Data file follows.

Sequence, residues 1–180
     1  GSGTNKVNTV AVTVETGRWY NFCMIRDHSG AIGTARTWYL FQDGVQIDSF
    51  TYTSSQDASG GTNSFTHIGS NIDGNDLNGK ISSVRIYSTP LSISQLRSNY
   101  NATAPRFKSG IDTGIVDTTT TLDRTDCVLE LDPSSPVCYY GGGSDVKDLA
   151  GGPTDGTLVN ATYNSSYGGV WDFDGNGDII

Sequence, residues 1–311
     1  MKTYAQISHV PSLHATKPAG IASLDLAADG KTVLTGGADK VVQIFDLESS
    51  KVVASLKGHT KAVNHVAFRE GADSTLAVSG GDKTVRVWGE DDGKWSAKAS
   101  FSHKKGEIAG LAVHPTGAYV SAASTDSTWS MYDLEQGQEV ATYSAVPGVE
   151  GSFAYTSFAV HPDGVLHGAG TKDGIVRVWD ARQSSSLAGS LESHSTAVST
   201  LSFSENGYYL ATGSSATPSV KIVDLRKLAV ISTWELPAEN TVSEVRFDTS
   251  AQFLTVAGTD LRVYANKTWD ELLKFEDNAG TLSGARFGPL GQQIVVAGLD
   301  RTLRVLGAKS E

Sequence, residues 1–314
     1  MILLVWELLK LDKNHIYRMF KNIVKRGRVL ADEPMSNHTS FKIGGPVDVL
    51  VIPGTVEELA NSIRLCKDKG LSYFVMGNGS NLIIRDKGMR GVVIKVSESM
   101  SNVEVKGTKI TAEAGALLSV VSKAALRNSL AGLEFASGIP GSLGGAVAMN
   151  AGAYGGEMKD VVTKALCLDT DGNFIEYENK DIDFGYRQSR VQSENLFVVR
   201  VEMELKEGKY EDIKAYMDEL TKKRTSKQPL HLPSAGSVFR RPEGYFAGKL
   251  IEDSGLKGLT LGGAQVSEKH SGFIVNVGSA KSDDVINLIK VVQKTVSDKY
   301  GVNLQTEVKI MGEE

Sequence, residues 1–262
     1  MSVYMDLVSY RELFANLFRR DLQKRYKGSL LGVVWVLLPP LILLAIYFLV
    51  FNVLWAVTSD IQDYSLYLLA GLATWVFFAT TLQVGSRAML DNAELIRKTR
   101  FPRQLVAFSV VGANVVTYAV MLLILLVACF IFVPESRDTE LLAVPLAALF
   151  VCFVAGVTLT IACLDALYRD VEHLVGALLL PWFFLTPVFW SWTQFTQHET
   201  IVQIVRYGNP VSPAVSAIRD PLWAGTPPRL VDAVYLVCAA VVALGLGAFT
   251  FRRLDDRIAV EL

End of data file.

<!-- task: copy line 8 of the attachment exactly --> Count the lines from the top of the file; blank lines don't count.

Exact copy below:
    51  KVVASLKGHT KAVNHVAFRE GADSTLAVSG GDKTVRVWGE DDGKWSAKAS